In 1998 Orion magazine published THE BLACK MESA SYNDROME: Indian Lands Black Gold,
a finalist for the John Oakes Award in Distinguished Environmental Journalism. This essay laid the foundation for continued research that became UREAL CITY.
The Black Mesa Syndrome: Indian Lands, Black Gold
By Judith Nies
Black Mesa is not black and it is not a mesa. It is four thousand square miles of ginger-colored plateau land in northern Arizona, a distinct elevated landmass the shape of a bear's paw. On a map, the Black Mesa coal field looks like an inkblot on a Rorschach test, following the contours of the Pleistocene lake it once was. Over thousands of years the vigorous forests and plant life embraced by the lake decayed into a bog which in turn hardened to coal--some twenty-one billion tons of coal, the largest coal deposit in the United States.
Until 1969, the coal lay untouched and so close to the surface that the walls of the dry washes glistened with seams of shiny black. With a long-term value estimated as high as $100 billion, it lies completely under Indian reservation lands, for Black Mesa is also home to some sixteen thousand Navajos and eight thousand Hopis. In 1966, the Hopi and Navajo tribal councils--not to be confused with the general tribal population--signed strip-mining leases with a consortium of twenty utilities that had designed a new coal-fired energy grid for the urban Southwest. Under the umbrella name WEST (Western Energy Supply and Transmission), the utilities promised more air conditioning for Los Angeles, more neon lights for Las Vegas, more water for Phoenix, more power for Tucson--and for the Indians, great wealth.
Today, thirty years after the strip mining for coal began, the cities have the energy they were promised, but the Hopi and Navajo nations are not rich--that part of the plan proved ephemeral. Instead, Black Mesa has suffered human rights abuses and ecological devastation; the Hopi water supply is drying up; thousands of archeological sites have been destroyed; and, unbeknownst to most Americans, twelve thousand Navajos have been removed from their lands--the largest removal of Indians in the United States since the 1880s.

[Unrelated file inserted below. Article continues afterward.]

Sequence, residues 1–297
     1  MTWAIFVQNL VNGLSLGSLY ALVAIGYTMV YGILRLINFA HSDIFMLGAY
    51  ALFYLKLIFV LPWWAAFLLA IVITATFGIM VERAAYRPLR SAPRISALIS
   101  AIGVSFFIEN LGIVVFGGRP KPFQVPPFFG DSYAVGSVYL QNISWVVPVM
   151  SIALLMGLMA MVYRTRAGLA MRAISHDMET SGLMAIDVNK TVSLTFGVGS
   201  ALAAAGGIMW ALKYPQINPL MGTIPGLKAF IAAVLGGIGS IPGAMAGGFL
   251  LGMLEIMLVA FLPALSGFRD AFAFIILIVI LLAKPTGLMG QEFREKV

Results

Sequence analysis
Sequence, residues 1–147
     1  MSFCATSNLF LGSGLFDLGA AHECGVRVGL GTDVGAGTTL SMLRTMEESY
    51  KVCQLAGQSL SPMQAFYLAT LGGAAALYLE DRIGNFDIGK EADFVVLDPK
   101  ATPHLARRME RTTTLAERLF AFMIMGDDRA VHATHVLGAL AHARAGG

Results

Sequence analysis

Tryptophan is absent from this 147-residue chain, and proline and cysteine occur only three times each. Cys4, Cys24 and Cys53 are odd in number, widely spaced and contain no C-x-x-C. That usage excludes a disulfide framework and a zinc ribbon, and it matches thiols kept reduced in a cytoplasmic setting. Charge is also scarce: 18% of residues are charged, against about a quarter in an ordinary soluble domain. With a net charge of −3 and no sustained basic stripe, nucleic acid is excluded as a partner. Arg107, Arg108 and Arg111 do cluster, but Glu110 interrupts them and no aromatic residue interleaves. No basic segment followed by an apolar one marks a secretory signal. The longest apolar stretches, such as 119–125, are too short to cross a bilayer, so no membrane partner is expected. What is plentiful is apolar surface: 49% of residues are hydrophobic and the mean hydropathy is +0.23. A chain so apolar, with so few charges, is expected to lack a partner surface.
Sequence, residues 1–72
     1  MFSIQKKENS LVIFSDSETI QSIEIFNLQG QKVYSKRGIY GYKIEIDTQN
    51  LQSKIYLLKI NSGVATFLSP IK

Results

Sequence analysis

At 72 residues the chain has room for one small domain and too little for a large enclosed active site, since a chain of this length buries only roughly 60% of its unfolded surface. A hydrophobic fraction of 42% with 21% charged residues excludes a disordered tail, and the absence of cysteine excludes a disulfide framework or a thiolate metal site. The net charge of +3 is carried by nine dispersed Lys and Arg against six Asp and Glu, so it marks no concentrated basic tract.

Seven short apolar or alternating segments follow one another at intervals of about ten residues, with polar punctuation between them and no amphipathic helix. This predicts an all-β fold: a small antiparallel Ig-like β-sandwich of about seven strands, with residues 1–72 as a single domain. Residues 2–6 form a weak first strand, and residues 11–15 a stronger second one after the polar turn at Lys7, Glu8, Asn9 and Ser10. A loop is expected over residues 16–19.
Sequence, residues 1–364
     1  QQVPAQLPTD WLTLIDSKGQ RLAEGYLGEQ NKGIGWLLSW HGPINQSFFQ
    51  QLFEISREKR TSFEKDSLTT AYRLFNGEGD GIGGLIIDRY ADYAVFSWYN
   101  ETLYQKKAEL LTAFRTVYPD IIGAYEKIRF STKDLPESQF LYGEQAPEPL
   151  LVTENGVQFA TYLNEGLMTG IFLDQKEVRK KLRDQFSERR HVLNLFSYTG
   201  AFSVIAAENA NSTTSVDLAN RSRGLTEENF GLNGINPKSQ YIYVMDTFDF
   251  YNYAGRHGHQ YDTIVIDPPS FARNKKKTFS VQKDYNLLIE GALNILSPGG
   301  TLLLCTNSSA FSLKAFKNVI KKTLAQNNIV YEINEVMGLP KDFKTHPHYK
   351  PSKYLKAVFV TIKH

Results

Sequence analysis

In the following pages, I want to untangle what went wrong on Black Mesa. When you look at the map of Arizona on this page, you see a series of lines radiating out from the Black Mesa coal field. Each line represents the enormous political and economic powers that have shaped the contemporary reality of this region. And yet, for twenty-five years, the American press, with few exceptions, has presented the Black Mesa story as a centuries-old land dispute between two tribes. The story that has not yet emerged is about the syndrome in which transnational corporations take and exploit indigenous lands with the cooperation of host governments. I want to hold up Black Mesa as a domestic example of that global syndrome, and I want to ask why our free press has largely been unable to tell the truth about Black Mesa.
Read the rest of the article at EnviroArts: Orion Online >>
Edited and introduced by Barry Lopez, The Future of Nature encompasses such topics as local economies, the social dynamics of activism, America’s incarceration society, naturalism in higher education, developing nations, spiritual ecology, the military-industrial landscape, and the persistent tyranny of wilderness designation. Featuring the fine writing and insights for which Orion is famous, this book is required reading for anyone interested in a livable future for the planet.
The Future of Nature (Milkweed 2008) essay, "The Black Mesa Syndrome" p117
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I took Jack Kerouac's novel, On The Road, literally.
Swampscott Tomboys Baseball Team of 1907. 3 of the players were named "Nies."